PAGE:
Blue Night by Simone Buchholz
Translated by Rachel Ward
After convicting a superior for corruption and shooting off a gangster’s crown jewels, the career of Hamburg’s most hard-bitten state prosecutor, Chastity Riley, has taken a nose dive: she has been transferred to the tedium of witness protection to prevent her making any more trouble. However, when she is assigned to the case of an anonymous man lying under police guard in hospital – almost every bone in his body broken, a finger cut off, and refusing to speak in anything other than riddles – Chastity’s instinct for the big, exciting case kicks in. Using all her powers of persuasion, she soon gains her charge’s confidence, and finds herself on the trail to Leipzig, a new ally, and a whole heap of lethal synthetic drugs. When she discovers that a friend and former colleague is trying to bring down Hamburg’s Albanian mafia kingpin single-handedly, it looks like Chas Riley’s dull life on witness protection really has been short-lived… Fresh, fiendishly fast-paced and full of devious twists and all the hard-boiled poetry and acerbic wit of the best noir, Blue Night marks the stunning start of a brilliant new crime series, from one of Germany’s bestselling authors.
#GuestPost by Rachel ward:
There isn’t really such a thing as a typical day for me as a translator, as everything varies so much from one project to another. I was working on Blue Night at the same time as translating a book on the history of human rights policy in the 20th century, so I’d work on that in the mornings and switch to Riley’s Hamburg in the afternoons.
Both books had their own set of challenges. The human rights book is long, dense and complex, and it involved a lot of untangling convoluted academic sentences, trying to get to grips with what the author wanted to say. So Blue Night was a lot more fun to work on but it had a whole set of difficulties of its own, starting with the self-doubt. Could I do this? Could I really recreate Riley’s voice in English? One of the things I love so much about Simone’s text is the way every word is precisely placed, carefully chosen, doing its job. Could I really have the nerve to pull off the same trick in another language that works so differently? Would it risk tipping over into a Chandleresque pastiche?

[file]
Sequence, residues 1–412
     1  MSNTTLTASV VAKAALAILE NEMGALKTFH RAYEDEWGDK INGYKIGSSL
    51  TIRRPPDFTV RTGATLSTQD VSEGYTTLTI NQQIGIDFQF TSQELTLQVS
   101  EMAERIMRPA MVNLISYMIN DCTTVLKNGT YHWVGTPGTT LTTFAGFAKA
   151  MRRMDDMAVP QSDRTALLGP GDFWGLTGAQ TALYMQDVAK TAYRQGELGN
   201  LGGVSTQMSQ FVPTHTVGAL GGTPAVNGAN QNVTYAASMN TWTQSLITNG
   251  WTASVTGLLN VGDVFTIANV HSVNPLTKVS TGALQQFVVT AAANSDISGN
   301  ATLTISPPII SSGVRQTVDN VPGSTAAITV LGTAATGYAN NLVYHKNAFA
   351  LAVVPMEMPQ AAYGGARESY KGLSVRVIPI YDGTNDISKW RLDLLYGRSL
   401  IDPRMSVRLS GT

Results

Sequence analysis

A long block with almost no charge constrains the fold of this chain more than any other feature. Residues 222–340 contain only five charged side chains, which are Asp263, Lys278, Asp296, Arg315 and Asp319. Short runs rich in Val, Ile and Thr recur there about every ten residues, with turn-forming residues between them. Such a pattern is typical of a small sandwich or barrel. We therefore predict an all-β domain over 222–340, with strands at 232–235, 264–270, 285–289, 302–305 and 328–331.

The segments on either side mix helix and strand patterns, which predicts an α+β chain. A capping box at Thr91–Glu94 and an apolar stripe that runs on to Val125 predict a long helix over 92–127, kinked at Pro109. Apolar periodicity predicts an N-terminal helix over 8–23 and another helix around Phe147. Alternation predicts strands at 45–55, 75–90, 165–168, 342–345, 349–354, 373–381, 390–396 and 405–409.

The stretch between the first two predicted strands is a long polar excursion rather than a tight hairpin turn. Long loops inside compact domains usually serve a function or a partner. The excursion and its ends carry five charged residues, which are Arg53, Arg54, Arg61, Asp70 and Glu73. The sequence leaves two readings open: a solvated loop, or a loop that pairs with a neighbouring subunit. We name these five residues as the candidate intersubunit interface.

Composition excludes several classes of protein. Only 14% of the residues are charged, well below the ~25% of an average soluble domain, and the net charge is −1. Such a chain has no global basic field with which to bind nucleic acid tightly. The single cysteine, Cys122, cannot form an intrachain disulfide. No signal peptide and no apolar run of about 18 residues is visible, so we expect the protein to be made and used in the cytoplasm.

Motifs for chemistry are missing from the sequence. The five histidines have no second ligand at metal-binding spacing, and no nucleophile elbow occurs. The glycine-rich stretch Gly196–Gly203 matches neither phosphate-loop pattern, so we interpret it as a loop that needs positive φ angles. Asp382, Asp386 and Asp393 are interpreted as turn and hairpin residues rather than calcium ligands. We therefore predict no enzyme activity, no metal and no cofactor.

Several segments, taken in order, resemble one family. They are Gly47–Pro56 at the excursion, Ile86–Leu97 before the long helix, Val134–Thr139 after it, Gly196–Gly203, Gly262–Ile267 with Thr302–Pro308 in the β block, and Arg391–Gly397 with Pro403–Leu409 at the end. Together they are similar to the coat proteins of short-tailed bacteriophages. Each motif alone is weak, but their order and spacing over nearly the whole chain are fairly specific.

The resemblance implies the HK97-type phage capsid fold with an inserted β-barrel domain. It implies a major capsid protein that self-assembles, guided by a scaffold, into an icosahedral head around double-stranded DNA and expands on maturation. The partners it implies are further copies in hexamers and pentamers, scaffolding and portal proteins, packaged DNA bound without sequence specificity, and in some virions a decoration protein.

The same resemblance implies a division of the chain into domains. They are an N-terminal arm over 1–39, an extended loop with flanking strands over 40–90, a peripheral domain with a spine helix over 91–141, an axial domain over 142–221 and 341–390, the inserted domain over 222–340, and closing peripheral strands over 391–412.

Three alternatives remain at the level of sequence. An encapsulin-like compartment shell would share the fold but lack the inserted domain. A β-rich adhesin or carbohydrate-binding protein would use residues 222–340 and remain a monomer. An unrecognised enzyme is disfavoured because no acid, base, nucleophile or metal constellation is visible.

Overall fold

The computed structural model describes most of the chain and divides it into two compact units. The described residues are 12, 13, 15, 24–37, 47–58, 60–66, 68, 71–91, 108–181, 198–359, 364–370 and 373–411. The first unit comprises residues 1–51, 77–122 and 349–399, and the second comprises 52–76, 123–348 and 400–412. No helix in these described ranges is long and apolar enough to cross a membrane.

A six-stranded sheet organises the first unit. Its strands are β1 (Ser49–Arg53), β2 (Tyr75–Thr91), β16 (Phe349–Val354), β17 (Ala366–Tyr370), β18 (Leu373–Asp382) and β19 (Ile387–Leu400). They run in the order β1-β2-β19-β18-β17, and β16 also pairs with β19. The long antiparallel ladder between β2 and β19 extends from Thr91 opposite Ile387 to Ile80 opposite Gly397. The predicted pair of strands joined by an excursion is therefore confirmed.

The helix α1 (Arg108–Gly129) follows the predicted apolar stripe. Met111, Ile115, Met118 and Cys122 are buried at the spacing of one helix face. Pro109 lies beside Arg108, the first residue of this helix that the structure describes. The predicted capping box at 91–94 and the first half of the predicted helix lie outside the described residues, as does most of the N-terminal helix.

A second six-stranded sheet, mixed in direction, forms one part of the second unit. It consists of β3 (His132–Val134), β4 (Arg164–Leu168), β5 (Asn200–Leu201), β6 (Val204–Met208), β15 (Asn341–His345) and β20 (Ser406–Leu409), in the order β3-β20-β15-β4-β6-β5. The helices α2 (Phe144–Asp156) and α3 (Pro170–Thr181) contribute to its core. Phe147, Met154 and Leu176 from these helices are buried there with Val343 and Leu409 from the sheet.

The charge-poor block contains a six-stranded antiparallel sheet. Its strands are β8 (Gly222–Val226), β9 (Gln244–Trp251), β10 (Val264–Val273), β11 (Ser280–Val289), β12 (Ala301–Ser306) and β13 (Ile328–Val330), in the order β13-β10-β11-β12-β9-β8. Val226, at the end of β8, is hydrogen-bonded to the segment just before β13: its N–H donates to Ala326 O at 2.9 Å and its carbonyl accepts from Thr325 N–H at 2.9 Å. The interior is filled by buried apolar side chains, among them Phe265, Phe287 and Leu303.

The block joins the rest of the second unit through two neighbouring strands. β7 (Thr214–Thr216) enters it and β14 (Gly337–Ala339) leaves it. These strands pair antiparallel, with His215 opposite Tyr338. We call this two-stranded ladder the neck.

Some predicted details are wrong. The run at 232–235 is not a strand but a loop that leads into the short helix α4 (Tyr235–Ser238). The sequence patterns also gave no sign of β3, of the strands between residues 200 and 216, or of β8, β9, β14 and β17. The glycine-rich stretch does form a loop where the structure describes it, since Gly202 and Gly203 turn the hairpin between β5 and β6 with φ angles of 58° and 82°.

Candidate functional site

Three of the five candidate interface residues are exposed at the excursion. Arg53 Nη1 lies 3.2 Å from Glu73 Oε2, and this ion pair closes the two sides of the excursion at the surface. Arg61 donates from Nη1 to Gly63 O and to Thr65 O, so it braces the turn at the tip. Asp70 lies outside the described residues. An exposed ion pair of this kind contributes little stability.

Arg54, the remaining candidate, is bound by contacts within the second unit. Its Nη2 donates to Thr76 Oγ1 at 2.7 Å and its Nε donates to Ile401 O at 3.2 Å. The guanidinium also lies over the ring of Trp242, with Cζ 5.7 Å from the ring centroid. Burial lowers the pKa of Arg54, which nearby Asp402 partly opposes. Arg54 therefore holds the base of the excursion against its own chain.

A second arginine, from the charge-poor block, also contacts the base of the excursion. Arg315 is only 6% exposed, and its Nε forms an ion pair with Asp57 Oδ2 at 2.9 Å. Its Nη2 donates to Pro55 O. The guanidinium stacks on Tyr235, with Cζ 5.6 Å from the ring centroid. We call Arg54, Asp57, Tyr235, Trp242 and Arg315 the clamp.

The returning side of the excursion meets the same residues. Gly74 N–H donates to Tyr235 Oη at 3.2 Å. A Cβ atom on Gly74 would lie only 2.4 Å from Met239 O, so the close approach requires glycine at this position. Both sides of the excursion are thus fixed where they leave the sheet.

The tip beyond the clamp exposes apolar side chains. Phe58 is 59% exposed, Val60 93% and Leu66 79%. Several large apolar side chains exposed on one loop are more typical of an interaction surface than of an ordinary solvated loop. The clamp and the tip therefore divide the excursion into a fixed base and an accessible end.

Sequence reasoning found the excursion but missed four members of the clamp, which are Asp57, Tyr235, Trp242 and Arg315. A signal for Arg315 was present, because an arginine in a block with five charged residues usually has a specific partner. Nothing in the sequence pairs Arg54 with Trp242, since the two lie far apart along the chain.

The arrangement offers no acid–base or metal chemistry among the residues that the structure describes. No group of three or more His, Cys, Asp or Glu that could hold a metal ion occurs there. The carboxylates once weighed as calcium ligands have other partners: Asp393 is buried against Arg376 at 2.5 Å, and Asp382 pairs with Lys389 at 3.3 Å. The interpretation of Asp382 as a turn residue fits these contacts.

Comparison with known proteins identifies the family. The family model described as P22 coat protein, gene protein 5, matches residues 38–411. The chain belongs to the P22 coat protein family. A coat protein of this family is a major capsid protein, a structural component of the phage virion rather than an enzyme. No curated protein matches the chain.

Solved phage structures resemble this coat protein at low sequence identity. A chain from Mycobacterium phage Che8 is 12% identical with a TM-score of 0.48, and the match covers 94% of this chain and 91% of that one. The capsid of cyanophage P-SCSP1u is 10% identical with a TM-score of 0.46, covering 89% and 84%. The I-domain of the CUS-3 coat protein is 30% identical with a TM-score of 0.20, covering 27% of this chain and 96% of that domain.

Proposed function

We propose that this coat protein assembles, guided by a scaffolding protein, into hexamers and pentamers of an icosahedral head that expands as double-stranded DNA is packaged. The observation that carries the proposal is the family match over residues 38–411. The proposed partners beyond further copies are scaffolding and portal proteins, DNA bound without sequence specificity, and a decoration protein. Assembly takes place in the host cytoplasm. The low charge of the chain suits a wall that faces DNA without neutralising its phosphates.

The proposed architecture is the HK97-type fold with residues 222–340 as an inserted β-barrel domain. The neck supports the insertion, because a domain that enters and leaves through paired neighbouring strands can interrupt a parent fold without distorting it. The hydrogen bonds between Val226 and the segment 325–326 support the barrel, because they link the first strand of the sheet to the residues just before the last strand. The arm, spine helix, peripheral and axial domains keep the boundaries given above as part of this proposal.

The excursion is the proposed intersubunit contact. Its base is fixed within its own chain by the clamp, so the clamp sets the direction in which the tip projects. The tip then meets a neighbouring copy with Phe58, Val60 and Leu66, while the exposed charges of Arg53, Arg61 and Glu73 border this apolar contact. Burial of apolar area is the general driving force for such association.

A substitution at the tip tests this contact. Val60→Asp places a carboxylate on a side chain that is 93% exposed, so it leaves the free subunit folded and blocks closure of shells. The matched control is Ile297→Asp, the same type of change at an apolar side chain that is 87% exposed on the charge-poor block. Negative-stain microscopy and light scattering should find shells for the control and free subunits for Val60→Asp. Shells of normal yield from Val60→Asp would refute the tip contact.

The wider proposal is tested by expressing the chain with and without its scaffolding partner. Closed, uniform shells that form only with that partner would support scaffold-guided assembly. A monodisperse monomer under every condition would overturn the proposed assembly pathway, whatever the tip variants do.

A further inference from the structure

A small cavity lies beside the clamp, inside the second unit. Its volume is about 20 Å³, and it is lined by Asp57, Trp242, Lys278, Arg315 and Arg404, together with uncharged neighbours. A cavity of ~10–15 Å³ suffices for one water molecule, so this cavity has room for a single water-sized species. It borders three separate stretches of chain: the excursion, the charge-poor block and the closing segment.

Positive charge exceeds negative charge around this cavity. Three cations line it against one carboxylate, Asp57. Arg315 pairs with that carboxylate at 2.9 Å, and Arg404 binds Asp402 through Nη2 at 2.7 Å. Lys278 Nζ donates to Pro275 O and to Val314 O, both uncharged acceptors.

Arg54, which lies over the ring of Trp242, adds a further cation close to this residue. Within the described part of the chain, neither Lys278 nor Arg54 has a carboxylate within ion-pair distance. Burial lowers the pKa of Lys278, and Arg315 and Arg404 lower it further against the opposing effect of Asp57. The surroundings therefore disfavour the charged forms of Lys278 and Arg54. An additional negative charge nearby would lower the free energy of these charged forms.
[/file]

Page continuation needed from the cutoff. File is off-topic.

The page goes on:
There were linguistic difficulties, cultural differences, the need to convey the sense of Hamburg (a city I’ve never visited, but long to see) and occasional snippets of Austrian and Hamburg dialect. My first attempt at Joe’s slipping into Austrian dialect, reverting to childhood speech as he falls asleep, was “I were a good lad, a right good lad.” It mirrors the original quite nicely, except that then he sounded like he came from Yorkshire… I’ve done my best by the voice and tried to convey the same effects, even if not always by the same means.
For my first book translation, I was working at a rickety computer desk with my dictionary in my lap, dial-up internet (remember that?) and little feedback from anyone but my very patient husband. I could use the university library to find bigger dictionaries, and more technical ones, but now I’m staggered by how few resources I used. Now, with all the wonders of the internet at my disposal, I can research practically any subject under the sun without moving from my desk. I turned to friends and colleagues in real life conversation, professional forums and social media, and they provided much needed help, inspiration and flashes of genius. We discussed slang terms for eyes (English doesn’t have enough that don’t sound horribly dated – ogles, peepers…?!), football terminology, how to convey in English what an Austrian accent sounds like to a German and much else besides.
To take one example, when Riley travels to Leipzig, she visits a bar called the Ost-Pol, and Simone’s description of it is a typical of her style. I was struggling with the sentence, so I turned to a Facebook group for translators working between German and English. In the course of the conversation, it turned out that not only was this a real bar, but that one of the group members had been there the night before. Now I had an eye-witness of the place to help me fine-tune the translation. And here’s what we ended up with:
“’At the Ost-Pol,’ Wieczorkowski said earlier, when I asked him the best place to get a few beers.
‘Like the North or South Poles, but in the East.’
I can’t think of a name that would suit this place better. Clear and uncompromising and dark and glorious and perfectly off-beat. The predominant colours are light brown, dark brown, and orange, or all at once, preferably in decades-old wavy or checked patterns. All the men have untrimmed beards; lots of them are wearing peculiar caps. A punk band is playing in the next door room. They’re torturing their guitars; a woman with a very loud and very sad voice sings: Now it’s broken.”
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